Is this the ultimate portable speaker?
- Huge, well-balanced sound
- Projects a wide 360-degree soundstage
- Looks and feels gorgeous
- Neat design touches
- Excellent battery life
- Not cheap
- Bluetooth aptX
- 3.5mm aux input
- 2 x 35W class D amplification
- 3 x 1.5-inch tweeters, 2 x 4-inch passive bass radiators, 1 x 5.5-inch full-range driver
- Up to 24 hours’ playback from 2200mAh battery
- USB-C charging
- W23 x H18.9 x D13.5cm, 2.6kg
- Manufacturer: Bang & Olufsen
- Review Price: £449.00
WHAT IS THE BANG & OLUFSEN BEOLIT 17?
Bang & Olufsen’s new Bluetooth speaker combines portability with the Danish brand’s trademark design panache and premium materials – then squeezes in a whole lotta wattage.
There’s the promise of 70W of class D power and 24 hours of battery life from this little stunner. But you’d hope for no less for the hefty £449/$499 price tag.
Thankfully, the Beolit 17 is way more than just a pretty face. In fact, it could be the best portable speaker around right now.
BANG & OLUFSEN BEOLIT 17 – DESIGN AND FEATURES
I’m not really sure what the Beolit 17 reminds me of. There’s something slightly domesticated about the design, as if it’s been made for a kitchen – but one you need to be on some kind of exclusive list to enter. And where you’re not allowed to open the fridge unless you have a special wristband.
Wrapped around the outside and joining at the back is a metal grille, which hides an impressive speaker array of three 1.5-inch tweeters, two 4-inch passive bass radiators and a single, 5.5-inch full-range driver. All of that’s driven by 70W of stereo class D amplification, with 35W per channel.
The moulded rubber top is quite deeply dished and non-slip, which serves a useful purpose. If you have a phone or PMP connected to the Beolit 17, you can pop it on that concave roof, pick up the speaker and carry the whole lot around without worrying about your mobile device sliding off and onto the floor. Very neat indeed.
On that top you’ll also find the controls: a row of five flush-fitted round buttons for power, volume up and down, Bluetooth pairing, and a special, customisable ‘one-touch’ button. The latter can be used so that, if you set an alarm via the app, for instance, you can assign the button to snooze or deactivate the alarm. You can also opt to press it to get back to the last thing you listened to on Spotify, or to go to a particular EQ preset. Or you could just leave it as a play/pause control, which is its default setting.
A leather carry handle is slung diagonally across the upper part of the Beolit 17, fastened over a couple of classy B&O-branded metal fixings on the front-left and right-rear. It’s beautifully done, with a clear nod to the fashion industry.
The Beolit 17 is available in a Stone Grey finish – which is the almost-black one I got to test – or the gorgeous Natural, which is silvery and comes with a tan leather strap. The Stone Grey is nicer in the flesh than I expected, but I still think Natural is the way to go.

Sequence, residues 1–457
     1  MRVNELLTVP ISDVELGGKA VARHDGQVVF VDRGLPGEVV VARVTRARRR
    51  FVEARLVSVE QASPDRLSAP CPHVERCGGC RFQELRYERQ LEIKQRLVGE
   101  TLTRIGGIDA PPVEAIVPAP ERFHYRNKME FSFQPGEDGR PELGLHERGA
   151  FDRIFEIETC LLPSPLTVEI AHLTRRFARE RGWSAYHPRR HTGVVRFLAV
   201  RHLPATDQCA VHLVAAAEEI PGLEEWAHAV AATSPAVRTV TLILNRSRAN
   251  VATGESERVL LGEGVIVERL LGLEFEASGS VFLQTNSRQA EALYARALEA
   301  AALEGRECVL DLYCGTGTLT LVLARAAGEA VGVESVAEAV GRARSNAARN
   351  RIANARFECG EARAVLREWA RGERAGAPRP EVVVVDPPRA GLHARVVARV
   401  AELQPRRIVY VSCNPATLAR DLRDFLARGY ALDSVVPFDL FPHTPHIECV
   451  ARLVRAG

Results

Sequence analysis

Around the back-right, near the very bottom, are a 3.5mm line input and a USB-C charging port. A 2200mAh Li-Ion reachargeable battery promises to offer up to 24 hours of music playback from a 2.5-hour charge.
As is the case with most portable B&O products, the Beolit 17’s EQ can be tweaked via the Beoplay app, or you can stereo-pair it with a second Beolit 17. The app can also be used to check the speaker’s remaining battery life, which is particularly useful.
B&O doesn’t claim any level of splash- and dust-resistance for the Beolit 17 – probably because of those exposed sockets near the bottom – but it gives the impression that it might survive a spot of unexpected rain. It’s also very easy to clean.
BANG & OLUFSEN BEOLIT 17 – SOUND QUALITY
The Beolit 17 doesn’t just sound good, it sounds huge. There aren’t many Bluetooth speakers or radios that are small enough to carry but don’t also sound obviously small.
With the beautiful acoustic folk of Joe Purdy’s title track from the ‘Canyon Joe’ album, the vocals and gently twanging guitar release into the room with wonderful realism. As with all decent hi-fi, the Beolit 17 enables you to just listen to the music, without the spell being broken by the performer sounding like they’re trapped in a tiny box.
‘Homecoming’ from Josh Ritter’s ‘Sermon on the Rocks’ shows off the Beolit’s vast soundstage, although revealed that the default EQ was maybe a touch warm, resulting in the kick-drum losing its impact. I found the best balance came from going into the app and setting the EQ just slightly off-centre, on the line between Bright and Excite.
Moving on to Pink Floyd’s ‘Dark Side of the Moon’, the Beolit 17 proved that it really can project an impressive 360-degree soundstage. ‘Time’ even displayed some decent stereo effect, which is always tricky from a small speaker.
It can also manage a healthy serving of bass for its size, and keeps distortion to a minimum, even at the loudest volumes.
SHOULD I BUY THE BANG & OLUFSEN BEOLIT 17?
The Beolit 17 has no right to sound as good as it does. You shouldn’t be able to carry around something with such huge, impressive sonics. Add beautiful, neat Danish design and excellent battery life to that great audio quality and you have just about the perfect portable speaker.
The price tag might be on the high side, but the Beolit 17 justifies it through sheer brilliance at what it does.
If you’re looking for comparable sound quality from another Bluetooth speaker, the B&W Zeppelin Wireless is right up there, but a little more expensive and it isn’t portable. The awesome-sounding Ruark Audio MR1 Mk2 can be made portable, but not in nearly such a neat package as the Beolit 17.
There’s also the Harmon Kardon Go + Play 2, which is an awful lot cheaper, but limited to just eight hours of battery life and doesn’t sound (or look) quite as refined as the Beolit 17.
Outstandingly good sonics from a beautifully crafted portable package – and with superb battery life, too.